Digging will remain closed on ocean beaches for the remainder of the razor clam season because of elevated toxin levels, state shellfish managers announced today.
The Washington Department of Fish and Wildlife (WDFW) has canceled two openings that were tentatively scheduled to start May 15 and May 22 due to high levels of domoic acid. WDFW canceled three days of a four-day dig earlier this month due to elevated toxin levels.
Domoic acid, a natural toxin produced by certain types of marine algae, can be harmful or even fatal if consumed in sufficient quantities. Razor clams absorb domoic acid into their fat cells and can retain it there long after the ocean water is free of toxins, said Dan Ayres, coastal shellfish manager for WDFW.
"Based on the most recent test results that show increased levels of domoic acid, razor clams will not be safe to eat for the remainder of this month," Ayres said.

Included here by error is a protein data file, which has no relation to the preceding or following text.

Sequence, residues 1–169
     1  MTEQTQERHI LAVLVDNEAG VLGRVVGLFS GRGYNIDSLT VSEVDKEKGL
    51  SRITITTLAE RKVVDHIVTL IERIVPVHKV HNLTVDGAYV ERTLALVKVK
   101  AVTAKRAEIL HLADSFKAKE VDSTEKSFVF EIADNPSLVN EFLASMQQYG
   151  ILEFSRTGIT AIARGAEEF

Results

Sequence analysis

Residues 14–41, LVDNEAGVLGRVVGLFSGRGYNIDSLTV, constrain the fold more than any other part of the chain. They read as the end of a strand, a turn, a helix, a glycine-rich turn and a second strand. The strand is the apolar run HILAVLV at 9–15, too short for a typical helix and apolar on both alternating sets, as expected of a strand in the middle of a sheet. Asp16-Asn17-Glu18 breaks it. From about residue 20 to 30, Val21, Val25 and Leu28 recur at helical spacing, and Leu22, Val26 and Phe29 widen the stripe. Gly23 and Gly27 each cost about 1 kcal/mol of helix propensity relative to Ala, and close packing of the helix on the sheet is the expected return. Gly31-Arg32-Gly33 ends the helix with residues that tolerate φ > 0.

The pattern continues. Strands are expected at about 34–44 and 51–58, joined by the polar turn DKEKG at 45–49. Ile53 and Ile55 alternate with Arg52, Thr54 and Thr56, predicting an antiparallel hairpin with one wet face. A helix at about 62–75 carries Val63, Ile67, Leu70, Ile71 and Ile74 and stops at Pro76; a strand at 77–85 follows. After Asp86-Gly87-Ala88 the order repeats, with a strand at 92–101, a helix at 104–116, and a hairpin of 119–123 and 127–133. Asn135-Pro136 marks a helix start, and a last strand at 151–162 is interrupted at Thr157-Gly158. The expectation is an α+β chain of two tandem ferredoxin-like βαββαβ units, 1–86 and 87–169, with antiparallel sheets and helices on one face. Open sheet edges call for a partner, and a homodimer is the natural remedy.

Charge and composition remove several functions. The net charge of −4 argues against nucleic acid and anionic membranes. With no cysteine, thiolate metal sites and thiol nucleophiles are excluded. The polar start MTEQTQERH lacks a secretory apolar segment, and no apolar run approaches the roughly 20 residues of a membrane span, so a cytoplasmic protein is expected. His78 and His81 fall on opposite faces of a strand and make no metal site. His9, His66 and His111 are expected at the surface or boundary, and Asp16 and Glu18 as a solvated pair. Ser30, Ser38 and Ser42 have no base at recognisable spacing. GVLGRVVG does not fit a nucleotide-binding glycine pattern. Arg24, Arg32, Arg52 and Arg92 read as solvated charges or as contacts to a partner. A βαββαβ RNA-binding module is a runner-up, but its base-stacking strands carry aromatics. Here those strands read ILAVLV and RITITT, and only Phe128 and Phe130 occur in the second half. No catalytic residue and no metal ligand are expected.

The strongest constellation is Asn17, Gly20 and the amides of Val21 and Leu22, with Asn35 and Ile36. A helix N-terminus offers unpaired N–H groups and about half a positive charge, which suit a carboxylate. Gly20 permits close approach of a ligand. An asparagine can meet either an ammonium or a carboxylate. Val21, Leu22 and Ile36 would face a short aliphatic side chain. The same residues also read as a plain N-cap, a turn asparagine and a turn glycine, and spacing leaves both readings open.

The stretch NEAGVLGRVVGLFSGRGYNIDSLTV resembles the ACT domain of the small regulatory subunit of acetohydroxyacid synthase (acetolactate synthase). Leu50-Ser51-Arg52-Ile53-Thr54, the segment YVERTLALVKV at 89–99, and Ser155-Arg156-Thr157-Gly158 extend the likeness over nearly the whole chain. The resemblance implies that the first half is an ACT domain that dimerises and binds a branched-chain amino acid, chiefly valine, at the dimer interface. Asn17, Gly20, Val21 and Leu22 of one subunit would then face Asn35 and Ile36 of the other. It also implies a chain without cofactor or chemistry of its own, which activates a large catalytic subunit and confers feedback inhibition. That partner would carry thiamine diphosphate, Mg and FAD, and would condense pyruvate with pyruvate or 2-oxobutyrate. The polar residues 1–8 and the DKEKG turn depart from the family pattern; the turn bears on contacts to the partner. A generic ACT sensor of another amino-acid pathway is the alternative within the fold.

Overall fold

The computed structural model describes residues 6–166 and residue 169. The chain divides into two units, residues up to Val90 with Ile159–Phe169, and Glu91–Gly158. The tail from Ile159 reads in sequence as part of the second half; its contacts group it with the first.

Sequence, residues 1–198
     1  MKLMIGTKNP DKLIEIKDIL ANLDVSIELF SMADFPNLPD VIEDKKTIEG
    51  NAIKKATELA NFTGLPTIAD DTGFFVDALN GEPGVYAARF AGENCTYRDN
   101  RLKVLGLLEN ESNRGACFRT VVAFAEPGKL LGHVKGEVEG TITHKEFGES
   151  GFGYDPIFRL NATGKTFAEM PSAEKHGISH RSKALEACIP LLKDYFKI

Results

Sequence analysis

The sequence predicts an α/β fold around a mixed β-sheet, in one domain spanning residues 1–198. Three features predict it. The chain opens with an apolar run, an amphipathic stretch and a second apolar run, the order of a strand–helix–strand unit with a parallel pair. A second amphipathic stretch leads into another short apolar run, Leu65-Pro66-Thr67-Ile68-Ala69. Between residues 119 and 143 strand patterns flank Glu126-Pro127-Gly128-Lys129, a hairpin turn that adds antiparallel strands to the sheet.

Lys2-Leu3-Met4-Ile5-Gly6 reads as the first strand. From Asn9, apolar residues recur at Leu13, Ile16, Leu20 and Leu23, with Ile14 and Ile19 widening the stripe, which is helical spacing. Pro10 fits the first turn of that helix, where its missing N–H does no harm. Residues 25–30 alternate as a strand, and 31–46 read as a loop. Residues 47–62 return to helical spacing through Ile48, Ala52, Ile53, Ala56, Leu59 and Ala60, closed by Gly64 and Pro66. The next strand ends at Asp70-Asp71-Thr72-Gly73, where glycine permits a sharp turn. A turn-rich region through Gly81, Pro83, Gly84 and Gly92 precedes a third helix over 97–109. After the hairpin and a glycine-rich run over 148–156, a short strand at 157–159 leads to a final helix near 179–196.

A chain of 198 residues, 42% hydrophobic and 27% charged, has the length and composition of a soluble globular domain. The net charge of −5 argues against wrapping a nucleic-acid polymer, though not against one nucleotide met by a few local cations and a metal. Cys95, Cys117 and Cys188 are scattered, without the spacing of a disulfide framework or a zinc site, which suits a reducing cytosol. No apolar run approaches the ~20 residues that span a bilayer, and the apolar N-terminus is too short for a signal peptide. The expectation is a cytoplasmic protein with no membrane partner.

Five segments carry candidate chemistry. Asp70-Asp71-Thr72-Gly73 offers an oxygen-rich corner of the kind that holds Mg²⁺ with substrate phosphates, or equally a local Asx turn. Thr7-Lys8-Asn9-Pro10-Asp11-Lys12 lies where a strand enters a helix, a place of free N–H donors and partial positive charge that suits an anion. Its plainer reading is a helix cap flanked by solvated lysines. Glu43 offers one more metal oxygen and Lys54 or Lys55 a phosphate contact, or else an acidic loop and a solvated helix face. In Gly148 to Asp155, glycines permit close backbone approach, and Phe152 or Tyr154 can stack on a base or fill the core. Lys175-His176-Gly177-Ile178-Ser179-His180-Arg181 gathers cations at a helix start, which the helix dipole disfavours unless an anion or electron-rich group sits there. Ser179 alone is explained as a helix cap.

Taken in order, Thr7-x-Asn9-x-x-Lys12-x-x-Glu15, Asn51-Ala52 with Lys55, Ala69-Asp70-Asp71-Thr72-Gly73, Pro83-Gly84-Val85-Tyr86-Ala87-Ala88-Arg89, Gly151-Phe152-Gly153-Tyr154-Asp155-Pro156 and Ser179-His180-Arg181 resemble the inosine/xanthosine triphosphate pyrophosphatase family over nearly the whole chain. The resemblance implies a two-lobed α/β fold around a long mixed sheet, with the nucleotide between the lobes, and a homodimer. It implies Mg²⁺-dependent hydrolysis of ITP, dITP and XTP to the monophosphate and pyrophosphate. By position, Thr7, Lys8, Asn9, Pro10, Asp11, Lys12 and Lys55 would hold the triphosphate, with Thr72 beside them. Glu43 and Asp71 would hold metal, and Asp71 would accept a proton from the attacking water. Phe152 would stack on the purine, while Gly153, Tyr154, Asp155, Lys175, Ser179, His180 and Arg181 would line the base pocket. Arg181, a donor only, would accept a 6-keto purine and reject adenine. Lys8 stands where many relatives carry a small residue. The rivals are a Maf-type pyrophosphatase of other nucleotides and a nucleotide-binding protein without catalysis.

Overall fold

"We're disappointed to close early, but it has been a remarkable season for razor clam digging in Washington," Ayres said. "We've had healthy and abundant clam populations that have drawn thousands of visitors to our ocean beaches."
Shellfish managers estimate diggers harvested 5.7 million clams since the season began last October. Diggers had more opportunities to hit the beaches than any season since 1989, Ayres said.
Annual razor clam seasons typically end in mid-to-late May, when the clams begin to spawn and are less desirable for eating, Ayres said. This razor clam season was scheduled to end after the May 22 dig.
WDFW will continue to monitor toxin levels and conduct razor clam stock assessments as usual this summer.
"We hope toxin levels will drop and razor clam digging can begin again this fall," Ayres said.
Since 1991, when the toxin was first detected on the Pacific coast, outbreaks of domoic acid have prompted the cancellation of three entire razor clam seasons in Washington - the last one in 2002-03. Kalaloch Beach, jointly managed by WDFW and Olympic National Park, also was closed for much of the 2004 season due to high toxin levels. In 2005, WDFW closed Long Beach for two days due to elevated toxin levels.